9. Protein Ubiquitination Multiple Ubiquitins can be polymerized to each other.

  10. What determines whether a protein will become ubiquinated? • E3 enzyme are readers of N-terminal amino acid residues • N-terminal amino acids determine stability of protein • Also proteins rich in proline, glutamic acid, serine and threonine (PEST sequences) often have short ½ lives. • Other specific sequences (e.g. cyclin destruction box) target proteins for ubiquitination

  11. Pathological Condition Related to Ubiquitination • Human papilloma virus encodes a protein that activates a specific form of the E3 enzyme that ubiquitinates several proteins involved in DNA repair. • Activation of this E3 enzyme is observed in 90% of cervical carcinomas.

  12. Ubiquitinated Proteins are Degraded by the 26S Proteosome • The 26S proteosome is a large protease complex that specifically degrades ubiquinated proteins • 2 major components – 20S proteosome core, 19S cap. • Proteolysis occurs in 20S domain • Ubiquitin recognition occurs at 19S domain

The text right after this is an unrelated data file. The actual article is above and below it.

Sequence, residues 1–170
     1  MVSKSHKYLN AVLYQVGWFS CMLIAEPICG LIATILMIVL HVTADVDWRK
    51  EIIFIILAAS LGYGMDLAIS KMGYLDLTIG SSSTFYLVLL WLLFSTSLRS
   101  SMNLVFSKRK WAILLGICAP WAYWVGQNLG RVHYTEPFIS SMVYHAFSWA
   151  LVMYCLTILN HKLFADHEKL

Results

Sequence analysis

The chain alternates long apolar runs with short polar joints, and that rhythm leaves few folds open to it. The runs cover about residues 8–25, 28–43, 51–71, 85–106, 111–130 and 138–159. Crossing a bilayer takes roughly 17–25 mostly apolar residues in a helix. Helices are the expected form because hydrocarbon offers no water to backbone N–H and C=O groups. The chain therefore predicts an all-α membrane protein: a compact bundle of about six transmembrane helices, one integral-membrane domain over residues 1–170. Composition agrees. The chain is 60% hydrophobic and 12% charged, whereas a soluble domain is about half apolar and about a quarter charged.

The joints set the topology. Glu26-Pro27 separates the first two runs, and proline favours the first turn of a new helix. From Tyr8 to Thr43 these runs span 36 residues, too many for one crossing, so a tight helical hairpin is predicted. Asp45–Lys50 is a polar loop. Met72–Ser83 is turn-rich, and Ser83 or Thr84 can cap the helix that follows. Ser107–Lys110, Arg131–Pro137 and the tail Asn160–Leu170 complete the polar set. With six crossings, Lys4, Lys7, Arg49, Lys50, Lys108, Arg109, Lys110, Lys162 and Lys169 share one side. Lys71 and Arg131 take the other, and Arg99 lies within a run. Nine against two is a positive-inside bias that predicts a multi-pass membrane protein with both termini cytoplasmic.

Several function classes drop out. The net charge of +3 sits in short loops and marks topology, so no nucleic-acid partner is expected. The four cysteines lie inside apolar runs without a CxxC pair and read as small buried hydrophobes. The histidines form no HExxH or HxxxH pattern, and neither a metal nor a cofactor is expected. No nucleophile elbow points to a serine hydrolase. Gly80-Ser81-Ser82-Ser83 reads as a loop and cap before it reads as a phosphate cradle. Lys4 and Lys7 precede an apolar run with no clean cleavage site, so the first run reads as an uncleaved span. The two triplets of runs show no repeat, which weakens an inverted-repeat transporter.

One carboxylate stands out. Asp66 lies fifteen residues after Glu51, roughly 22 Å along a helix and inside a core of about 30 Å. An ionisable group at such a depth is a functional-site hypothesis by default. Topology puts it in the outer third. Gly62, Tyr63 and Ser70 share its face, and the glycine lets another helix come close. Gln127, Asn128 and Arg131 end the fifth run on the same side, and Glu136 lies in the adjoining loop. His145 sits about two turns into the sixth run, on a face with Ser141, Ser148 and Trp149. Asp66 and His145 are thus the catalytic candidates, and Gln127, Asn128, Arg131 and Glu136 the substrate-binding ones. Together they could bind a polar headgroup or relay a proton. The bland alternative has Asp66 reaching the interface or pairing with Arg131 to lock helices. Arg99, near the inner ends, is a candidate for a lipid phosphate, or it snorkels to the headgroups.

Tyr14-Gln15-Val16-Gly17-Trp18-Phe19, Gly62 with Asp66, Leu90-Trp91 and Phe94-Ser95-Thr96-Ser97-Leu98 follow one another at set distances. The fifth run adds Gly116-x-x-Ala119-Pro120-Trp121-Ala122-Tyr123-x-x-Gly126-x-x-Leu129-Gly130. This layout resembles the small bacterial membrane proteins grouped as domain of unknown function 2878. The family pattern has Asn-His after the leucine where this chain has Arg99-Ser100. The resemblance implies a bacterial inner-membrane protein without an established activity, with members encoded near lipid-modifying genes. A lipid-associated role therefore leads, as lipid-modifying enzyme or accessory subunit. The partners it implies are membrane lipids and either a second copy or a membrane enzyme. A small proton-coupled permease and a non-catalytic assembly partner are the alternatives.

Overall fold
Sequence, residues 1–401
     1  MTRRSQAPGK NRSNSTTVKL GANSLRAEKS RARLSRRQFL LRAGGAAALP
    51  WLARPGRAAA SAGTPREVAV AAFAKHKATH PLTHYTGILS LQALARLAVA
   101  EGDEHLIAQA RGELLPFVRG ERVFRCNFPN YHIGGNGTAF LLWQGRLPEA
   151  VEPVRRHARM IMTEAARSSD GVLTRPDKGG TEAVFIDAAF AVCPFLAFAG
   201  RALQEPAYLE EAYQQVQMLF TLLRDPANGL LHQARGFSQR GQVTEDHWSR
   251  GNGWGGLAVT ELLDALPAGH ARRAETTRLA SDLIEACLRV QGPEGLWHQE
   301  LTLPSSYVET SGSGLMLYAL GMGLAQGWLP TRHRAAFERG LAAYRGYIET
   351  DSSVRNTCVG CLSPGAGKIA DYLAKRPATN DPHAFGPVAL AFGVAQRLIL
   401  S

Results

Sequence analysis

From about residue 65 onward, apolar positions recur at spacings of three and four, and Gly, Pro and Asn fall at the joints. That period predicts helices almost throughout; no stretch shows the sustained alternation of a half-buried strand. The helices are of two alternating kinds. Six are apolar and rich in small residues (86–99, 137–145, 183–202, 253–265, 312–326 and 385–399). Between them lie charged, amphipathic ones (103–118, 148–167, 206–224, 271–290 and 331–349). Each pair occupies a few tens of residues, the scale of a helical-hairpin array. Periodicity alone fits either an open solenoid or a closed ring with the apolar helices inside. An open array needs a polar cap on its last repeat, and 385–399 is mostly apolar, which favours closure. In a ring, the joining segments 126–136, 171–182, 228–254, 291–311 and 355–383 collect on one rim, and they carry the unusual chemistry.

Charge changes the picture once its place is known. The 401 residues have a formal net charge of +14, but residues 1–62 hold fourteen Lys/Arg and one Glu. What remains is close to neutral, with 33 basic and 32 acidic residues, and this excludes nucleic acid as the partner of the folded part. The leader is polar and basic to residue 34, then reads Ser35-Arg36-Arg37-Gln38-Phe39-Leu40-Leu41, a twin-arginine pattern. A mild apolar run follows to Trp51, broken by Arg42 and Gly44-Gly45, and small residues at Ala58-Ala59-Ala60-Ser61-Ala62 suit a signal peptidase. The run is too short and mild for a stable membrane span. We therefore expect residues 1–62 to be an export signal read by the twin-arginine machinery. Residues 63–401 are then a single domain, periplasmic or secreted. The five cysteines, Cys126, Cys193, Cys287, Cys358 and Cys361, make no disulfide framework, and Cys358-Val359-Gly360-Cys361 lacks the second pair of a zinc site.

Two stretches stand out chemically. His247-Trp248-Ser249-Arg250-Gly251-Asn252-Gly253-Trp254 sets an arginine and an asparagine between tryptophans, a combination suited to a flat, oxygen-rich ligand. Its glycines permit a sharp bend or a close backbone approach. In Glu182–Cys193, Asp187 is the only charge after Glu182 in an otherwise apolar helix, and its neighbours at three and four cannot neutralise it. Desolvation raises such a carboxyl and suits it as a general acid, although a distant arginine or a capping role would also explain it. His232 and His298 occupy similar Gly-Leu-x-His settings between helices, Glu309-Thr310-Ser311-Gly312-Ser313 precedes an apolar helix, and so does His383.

13. 26S Proteosome • ATP dependent process. • Protein is unfolded as it enters 20S domain. • Ubiquitin not degraded, but released and recycled.

  14. Fate of Amino Acids • Can be used for protein synthesis • If not needed for protein synthesis, must be degraded • In animals proteins and amino acids are not stored as a source of energy like can be carbohydrates and lipids. • Impt parts of amino acid degradation occur in the liver.

  15. Amino Acid Catabolism • Deamination • Metabolism of Carbon Skeletons

  16. Removal of nitrogen • Step 1: transamination with a-ketogluturate to form glutamate and new a-keto acid. • Step 2: glutamate is deaminated through oxidative process involving NAD+ • Step 3: form urea through urea cycle. deaminase transaminase

  17. Fate of Ammonia • Ammonia (NH4+) is toxic. • Must not accumulate in cells. • In humans elevated levels are associated with lethargy and mental retardation • Mechanism of toxicity unknown.